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Birder Portraits: The Next Gen Twitcher—Caleb Ongtenco

By Gabbi Reyes

Welcome to 2023—another full year of both opportunities and uncertainties!

Let’s face it, life’s tough and we don’t know what the future holds. However, a few gems pop up every now and then that give us something to look forward to.

Last year, a little gem shone a little brightly. Caleb Ongtenco, a seventh-grader, is currently WBCP’s youngest active member. Among his interests are world history, basketball, video games, ping-pong, bowling, and building and toppling over dominoes.

Caleb in action with club member Gwen So

Future ornithologist

When asked what he wants to be when he grows up, he answered “I would want to be an ornithologist, a scientist who studies birds.”

You’ve surely come to the right place Caleb!

  • G: When did you start birdwatching and how? Tell us your story.
  • C: I started birding in 2021, in the midst of the pandemic. Our family had this National Geographic Kids guide of the birds of the United States, and I loved looking at the pictures of birds there, especially the Blue Jay, because I liked anything and everything blue. We also had A Naturalist’s Guide to the Birds of the Philippines, where I looked at our local birds in the book. Then I started birdwatching in our village, where I saw my spark bird, the Collared Kingfisher, and also in Tagaytay Highlands.
Caleb’s spark bird: the Collared kingfisher
  • G: Why do you love birdwatching?
  • C: I love it because I get to go to new places and meet new people! I also love that you can go birding anywhere and anytime.

Caleb loved his experience as a club newbie! He enjoyed learning from older members and joined them on trips, sometimes even twice in a week.

  • G: When did you join the Wild Bird Club of the Philippines and how did you hear about it?
  • C: Sometime in 2021, I found the guide to the birds of Las Pinas-Paranaque Wetland Park (LPPWP), which I got back in 2017 when I joined a birdwatching trip with the WBCP. My mom got in touch with them and I joined the WBCP in the middle of 2022.

Just by following the club chat groups, you can tell that Caleb’s messages and observations are received with much delight by the older members. It is truly refreshing and encouraging to see a kid his age so enthusiastic about birds.

  • G: What is your biggest birdwatching goal?
  • C: To go birding on all 7 continents. I would like to reach that goal by the time I hit 40!
  • G: What is your favorite birdwatching moment?
  • C: I loved when I went to Masungi Georeserve with the club in December 11, 2022. I saw the Scale-Feathered Malkoha drying itself on a bare tree! I also saw the Rough-Crested Malkoha that day. It was a very fulfilling trip.

He shared his experience through a trip summary sent to the club’s email group:

“Last December 11, members of the WBCP and I went to Garden Cottages in the Masungi Georeserve to go birdwatching. It is a very nice place, with lots of trees and unpolluted streams, which of course, attracts a lot of birds. While birding, we saw a lot of species of birds. My favorite sighting was (a) flock of Stripe-Sided Rhabdornis, which were feeding on a bunch of Torch Gingers (Etlingera elatior). It was amazing to see them out in the open. Another fulfilling part of the trip was when I finally got to see the Scale-Feathered and the Rough-Crested Malkoha! We saw the Scale-Feathered Malkoha drying its feathers in a bare tree! It was breathtaking. Aside from those, we saw some Philippine Bulbuls, Luzon Hornbills, Balicassiaos, Ashy Minivets, and Guaiaberos, among the 24 species we saw that morning. I would love to go there again.”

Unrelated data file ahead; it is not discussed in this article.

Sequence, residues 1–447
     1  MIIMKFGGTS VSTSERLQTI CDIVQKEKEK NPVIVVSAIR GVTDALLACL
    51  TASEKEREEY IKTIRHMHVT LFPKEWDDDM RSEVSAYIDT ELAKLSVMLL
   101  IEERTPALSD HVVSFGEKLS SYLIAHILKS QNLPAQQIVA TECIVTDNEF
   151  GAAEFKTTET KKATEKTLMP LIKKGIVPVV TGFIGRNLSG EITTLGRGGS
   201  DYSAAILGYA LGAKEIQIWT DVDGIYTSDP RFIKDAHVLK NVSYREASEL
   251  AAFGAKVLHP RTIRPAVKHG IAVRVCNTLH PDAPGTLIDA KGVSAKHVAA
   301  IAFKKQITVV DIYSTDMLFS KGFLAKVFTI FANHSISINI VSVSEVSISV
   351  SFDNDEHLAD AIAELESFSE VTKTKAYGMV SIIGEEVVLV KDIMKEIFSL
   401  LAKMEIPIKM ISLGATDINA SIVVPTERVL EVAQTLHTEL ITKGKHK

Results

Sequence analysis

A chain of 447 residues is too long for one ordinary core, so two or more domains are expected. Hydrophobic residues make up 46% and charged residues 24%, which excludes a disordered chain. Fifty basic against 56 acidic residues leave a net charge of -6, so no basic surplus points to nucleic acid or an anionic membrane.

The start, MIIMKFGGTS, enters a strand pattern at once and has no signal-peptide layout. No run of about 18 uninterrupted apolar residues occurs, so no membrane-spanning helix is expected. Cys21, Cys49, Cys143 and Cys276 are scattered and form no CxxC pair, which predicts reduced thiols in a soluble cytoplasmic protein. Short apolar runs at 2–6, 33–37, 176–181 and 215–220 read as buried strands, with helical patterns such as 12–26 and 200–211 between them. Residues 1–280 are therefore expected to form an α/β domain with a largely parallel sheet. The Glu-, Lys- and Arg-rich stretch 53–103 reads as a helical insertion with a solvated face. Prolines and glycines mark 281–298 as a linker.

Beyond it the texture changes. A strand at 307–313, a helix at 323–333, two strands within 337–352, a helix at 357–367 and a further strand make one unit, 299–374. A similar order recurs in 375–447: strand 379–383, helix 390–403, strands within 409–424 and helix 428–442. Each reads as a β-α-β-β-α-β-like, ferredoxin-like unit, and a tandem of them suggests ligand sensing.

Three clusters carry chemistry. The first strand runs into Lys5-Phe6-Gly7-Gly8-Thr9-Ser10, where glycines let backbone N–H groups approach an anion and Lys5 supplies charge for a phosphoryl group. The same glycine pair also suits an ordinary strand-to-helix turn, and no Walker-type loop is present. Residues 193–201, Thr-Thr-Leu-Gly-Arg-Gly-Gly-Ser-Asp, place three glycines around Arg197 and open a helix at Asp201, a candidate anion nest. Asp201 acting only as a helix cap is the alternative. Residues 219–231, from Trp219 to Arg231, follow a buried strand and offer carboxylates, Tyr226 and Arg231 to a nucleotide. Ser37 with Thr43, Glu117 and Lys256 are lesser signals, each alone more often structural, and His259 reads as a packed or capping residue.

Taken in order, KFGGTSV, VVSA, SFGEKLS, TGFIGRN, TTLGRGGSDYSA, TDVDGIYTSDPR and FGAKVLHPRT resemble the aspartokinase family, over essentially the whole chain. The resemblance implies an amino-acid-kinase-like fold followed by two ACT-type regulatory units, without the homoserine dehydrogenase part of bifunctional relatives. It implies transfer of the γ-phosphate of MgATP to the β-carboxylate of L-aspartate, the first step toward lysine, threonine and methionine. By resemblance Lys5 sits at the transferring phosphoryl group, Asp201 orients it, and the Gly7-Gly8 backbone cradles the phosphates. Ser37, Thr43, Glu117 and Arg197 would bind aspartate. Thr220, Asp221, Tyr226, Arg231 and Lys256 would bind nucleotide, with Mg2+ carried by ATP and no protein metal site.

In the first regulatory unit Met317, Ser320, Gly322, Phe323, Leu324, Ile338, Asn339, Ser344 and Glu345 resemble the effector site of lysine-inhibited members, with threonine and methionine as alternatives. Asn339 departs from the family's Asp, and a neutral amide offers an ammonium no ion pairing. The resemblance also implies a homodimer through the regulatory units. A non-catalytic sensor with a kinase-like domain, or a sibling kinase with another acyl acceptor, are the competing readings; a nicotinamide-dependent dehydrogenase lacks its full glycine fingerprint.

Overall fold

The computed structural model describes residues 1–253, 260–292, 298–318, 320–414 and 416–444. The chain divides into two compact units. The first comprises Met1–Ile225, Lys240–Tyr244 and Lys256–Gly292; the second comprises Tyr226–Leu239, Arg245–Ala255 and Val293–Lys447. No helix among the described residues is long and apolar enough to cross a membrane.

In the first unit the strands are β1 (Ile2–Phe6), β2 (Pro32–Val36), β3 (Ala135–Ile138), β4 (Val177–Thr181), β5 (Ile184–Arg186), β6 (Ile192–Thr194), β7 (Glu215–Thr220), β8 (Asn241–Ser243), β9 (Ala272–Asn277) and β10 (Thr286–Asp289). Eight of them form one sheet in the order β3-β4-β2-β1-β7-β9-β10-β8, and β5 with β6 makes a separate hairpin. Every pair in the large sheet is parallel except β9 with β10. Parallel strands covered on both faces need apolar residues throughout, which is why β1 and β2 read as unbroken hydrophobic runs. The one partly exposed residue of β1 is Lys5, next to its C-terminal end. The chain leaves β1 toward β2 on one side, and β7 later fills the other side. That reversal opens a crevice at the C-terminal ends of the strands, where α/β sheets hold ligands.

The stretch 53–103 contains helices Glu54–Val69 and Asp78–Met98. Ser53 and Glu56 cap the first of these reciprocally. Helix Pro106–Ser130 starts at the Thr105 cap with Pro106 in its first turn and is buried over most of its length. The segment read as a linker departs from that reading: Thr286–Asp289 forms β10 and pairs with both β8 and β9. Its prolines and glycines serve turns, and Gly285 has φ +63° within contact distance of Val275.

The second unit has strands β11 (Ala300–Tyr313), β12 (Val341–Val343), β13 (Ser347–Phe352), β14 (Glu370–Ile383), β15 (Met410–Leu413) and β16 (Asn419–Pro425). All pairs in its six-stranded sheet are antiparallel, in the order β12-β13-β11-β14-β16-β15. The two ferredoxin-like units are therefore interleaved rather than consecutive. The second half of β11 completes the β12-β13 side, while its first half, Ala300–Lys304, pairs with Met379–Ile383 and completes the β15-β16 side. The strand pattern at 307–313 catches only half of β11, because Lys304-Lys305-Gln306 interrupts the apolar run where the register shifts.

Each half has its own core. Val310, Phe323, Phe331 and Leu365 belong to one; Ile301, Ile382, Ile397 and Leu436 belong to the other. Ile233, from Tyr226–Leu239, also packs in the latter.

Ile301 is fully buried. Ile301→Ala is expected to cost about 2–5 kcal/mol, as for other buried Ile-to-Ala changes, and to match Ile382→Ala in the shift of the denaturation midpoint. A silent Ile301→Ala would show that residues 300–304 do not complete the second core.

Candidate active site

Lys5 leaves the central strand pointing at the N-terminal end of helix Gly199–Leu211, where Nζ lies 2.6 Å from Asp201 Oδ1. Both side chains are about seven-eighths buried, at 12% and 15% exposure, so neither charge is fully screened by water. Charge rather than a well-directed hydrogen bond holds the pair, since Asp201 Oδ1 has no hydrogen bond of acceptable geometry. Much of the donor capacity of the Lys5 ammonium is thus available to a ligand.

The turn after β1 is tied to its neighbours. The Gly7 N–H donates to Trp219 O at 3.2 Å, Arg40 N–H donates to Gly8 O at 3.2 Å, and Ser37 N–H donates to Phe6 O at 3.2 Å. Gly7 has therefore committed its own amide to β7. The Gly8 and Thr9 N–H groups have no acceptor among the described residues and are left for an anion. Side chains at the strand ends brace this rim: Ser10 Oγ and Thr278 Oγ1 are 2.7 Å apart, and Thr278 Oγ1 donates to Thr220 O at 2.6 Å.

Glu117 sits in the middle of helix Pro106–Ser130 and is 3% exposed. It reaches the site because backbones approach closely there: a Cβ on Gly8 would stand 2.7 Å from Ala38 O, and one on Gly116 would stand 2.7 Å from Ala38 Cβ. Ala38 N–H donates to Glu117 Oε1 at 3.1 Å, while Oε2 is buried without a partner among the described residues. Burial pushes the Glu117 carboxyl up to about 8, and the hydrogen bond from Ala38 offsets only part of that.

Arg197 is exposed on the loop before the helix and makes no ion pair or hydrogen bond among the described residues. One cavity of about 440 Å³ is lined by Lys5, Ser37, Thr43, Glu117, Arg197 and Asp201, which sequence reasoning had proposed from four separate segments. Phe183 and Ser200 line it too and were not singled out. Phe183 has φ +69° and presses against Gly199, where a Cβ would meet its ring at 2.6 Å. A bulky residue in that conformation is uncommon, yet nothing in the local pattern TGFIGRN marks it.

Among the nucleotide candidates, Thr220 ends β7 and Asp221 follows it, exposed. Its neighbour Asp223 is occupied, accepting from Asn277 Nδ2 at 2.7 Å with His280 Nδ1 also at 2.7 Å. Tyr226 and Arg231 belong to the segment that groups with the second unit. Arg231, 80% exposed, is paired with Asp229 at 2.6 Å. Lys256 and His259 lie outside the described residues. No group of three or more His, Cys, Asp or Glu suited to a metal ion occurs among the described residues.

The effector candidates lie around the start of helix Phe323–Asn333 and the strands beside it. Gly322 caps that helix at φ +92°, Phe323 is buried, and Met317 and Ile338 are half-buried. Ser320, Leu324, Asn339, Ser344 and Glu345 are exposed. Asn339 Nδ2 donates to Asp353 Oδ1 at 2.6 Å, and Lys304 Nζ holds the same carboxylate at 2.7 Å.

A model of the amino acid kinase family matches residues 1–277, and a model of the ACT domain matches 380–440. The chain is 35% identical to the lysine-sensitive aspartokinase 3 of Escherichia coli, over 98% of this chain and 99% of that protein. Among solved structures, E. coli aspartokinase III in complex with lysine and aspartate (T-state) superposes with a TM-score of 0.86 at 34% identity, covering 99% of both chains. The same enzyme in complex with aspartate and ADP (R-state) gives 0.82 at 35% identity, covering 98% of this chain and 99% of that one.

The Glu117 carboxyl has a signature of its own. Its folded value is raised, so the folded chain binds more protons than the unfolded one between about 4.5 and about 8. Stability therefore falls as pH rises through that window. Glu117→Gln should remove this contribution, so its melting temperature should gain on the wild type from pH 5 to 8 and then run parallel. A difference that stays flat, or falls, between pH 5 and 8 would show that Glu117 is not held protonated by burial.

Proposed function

Keep it up Caleb! With your spirit, you might just reach your biggest birdwatching goal AND become an ornithologist.

Out of the mouths of babes

Paired with his passion for birdwatching is a greater sense of purpose. Despite his age, Caleb is no stranger to the issues our feathered friends face.

  • G: For a kid your age, what can you do to help protect the birds?
  • C: To share this love of birdwatching to my friends. I can also share my concern about the plight of birds all over the world to them.
  • G: How do you think we can get more young children to love nature and birds as much as you do?
  • C: We could organize more birdwatching events in schools and immerse children with nature. We could also make games for them to play and books for them to read.

Is anyone taking notes? We can surely learn a lot from young minds. Caleb’s insightfulness also extends to the qualities he picks up from his role models—not only in birding, but also in basketball.

  • G: Who is somebody you look up to? Why do you admire them?
  • C: I admire Stephen Curry. He works hard and never stops till he reaches his goal amidst adversity.

Caleb also shares some advice of his own for all the grown ups out there.

  • G: As a young birder, what is something you’d like to tell grown ups?
  • C: Go birdwatching! It’s good for your health and it makes you less stressed and happier!

Grown ups, take heed. The secret to being stress free and happy is in birdwatching. Especially with the challenges of 2023 looming over, this is the perfect reminder for us to take a step back once in a while and shift our focus to birds. Step outside and regain that childlike wonder!

For 2023, Caleb looks forward to travelling to more places and birding there. As for the rest of us, we look forward to Caleb’s growth as an enthusiastic birder and others like him to join in on the advocacy.

Happy birders: Caleb with Gwen So and his auntie Helen, also a fellow WBCP member

Thank you Caleb and family for allowing us to know you more and, once again, strengthening our hope in the younger generation!

*Special thanks to Gwen So for speaking to Caleb’s parents and helping me make this Birder Portrait possible.

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